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target for terrorists. But in recent years it has stopped

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a large number of attacks on plots A key question now is whether that

:13:58.:14:01.

would change of Britain left the EU. Britain's border already differs

:14:02.:14:11.

from its neighbours. That is partly because we are

:14:12.:14:13.

an island and partly because we do not belong to

:14:14.:14:17.

Europe's Schengen borderless zone. That it means it's harder if not

:14:18.:14:28.

impossible to smuggle guns We do not have an open border

:14:29.:14:31.

with the EU, we are out You have to have a passport or visa

:14:32.:14:37.

to get into Britain and you have to be checked

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when you come into Britain. We do not have a right to stop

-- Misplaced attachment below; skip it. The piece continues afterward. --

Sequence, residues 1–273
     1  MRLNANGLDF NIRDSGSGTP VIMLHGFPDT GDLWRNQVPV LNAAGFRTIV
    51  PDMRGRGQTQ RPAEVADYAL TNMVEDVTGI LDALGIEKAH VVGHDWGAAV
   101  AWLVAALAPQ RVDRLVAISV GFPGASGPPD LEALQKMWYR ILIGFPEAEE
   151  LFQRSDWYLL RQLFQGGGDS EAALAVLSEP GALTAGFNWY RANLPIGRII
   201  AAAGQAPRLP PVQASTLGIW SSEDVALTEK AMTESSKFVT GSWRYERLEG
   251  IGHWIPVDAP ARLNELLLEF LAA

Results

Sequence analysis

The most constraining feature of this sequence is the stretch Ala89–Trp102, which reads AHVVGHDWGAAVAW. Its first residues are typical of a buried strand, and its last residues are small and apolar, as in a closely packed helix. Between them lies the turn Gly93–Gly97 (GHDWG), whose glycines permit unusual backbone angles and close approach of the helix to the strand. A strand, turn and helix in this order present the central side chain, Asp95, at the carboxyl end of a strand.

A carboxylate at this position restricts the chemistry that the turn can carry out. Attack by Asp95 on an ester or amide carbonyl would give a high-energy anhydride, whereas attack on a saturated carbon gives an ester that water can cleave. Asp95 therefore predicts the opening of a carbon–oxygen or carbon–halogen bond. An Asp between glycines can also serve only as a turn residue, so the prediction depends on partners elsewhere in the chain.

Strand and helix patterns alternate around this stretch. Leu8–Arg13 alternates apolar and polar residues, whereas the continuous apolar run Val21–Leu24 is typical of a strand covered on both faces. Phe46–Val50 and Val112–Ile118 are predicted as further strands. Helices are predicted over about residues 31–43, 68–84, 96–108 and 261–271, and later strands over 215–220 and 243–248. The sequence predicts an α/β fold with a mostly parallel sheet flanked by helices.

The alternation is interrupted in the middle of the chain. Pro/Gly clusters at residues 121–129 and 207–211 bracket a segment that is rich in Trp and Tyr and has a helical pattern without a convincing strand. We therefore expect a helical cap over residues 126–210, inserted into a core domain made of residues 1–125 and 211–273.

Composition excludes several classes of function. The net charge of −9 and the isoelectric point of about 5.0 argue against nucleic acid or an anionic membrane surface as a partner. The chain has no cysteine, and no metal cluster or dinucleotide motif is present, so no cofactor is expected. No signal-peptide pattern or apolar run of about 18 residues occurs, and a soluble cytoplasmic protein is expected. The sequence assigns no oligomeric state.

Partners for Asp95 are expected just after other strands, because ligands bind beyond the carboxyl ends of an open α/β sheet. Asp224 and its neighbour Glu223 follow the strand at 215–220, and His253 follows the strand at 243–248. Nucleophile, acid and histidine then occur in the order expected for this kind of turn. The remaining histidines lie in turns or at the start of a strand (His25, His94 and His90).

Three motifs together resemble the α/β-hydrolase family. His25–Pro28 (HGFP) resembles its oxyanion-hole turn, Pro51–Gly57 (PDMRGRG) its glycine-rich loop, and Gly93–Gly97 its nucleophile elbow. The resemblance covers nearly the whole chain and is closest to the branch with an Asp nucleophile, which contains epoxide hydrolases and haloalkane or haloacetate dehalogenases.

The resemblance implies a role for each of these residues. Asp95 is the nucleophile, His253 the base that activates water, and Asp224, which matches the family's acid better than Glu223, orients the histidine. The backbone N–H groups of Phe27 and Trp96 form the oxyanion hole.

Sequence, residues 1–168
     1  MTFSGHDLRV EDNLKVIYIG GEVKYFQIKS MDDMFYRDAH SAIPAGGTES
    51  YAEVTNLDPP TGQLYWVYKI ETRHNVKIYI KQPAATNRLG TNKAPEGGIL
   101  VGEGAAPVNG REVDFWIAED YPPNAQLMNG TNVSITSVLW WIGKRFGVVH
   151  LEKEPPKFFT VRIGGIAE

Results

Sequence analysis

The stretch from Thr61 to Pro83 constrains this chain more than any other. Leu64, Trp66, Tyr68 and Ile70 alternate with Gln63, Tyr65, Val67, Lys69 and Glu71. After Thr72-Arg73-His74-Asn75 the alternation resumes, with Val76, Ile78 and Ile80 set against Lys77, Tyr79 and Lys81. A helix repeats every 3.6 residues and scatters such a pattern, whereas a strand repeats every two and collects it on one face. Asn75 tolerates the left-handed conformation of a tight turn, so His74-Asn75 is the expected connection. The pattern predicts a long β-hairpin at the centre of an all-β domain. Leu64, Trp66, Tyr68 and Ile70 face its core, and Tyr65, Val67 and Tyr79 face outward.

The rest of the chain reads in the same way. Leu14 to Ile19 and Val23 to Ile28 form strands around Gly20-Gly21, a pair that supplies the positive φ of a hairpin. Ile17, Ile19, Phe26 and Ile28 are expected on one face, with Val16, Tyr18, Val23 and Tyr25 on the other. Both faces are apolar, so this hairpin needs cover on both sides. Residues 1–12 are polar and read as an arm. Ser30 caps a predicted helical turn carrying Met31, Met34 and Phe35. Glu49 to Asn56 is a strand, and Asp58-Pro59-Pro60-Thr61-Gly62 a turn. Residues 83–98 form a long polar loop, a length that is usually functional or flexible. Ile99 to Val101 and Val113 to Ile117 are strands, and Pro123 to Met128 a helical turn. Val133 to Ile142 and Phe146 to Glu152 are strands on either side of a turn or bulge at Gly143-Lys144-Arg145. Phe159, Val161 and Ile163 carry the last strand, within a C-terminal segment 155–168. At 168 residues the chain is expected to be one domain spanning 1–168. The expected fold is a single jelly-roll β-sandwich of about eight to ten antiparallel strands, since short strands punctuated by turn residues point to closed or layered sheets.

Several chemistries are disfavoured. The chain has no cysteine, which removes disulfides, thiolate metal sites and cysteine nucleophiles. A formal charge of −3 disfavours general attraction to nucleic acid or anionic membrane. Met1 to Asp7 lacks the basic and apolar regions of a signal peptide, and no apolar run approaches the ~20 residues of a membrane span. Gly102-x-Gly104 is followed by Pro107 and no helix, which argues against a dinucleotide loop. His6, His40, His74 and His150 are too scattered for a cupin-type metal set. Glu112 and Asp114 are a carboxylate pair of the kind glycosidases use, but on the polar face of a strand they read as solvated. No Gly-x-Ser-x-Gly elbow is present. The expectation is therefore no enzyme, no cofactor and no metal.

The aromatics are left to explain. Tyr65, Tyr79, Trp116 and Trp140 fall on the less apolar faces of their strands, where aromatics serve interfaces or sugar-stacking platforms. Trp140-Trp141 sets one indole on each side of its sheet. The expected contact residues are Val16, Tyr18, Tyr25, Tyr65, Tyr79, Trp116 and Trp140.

:14:42.:14:44.

people entering from other countries within the EU and if we to control

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numbers coming in it is difficult to do that unless we take

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back control of borders. The Paris attacks were a shocking

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reminder of what could happen here. So-called Islamic State already has

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sympathisers in this country. European intelligence

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failed last year. Britain's intelligence

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agencies like MI6 behind me, have their closest relationships not

:15:15.:15:20.

with Europe that the United States. They do share information

:15:21.:15:30.

and tip-offs with their European partners but tend to do it

:15:31.:15:33.

bilaterally, on a country by country basis and not through

:15:34.:15:36.

an EU wide mechanism. In many European countries,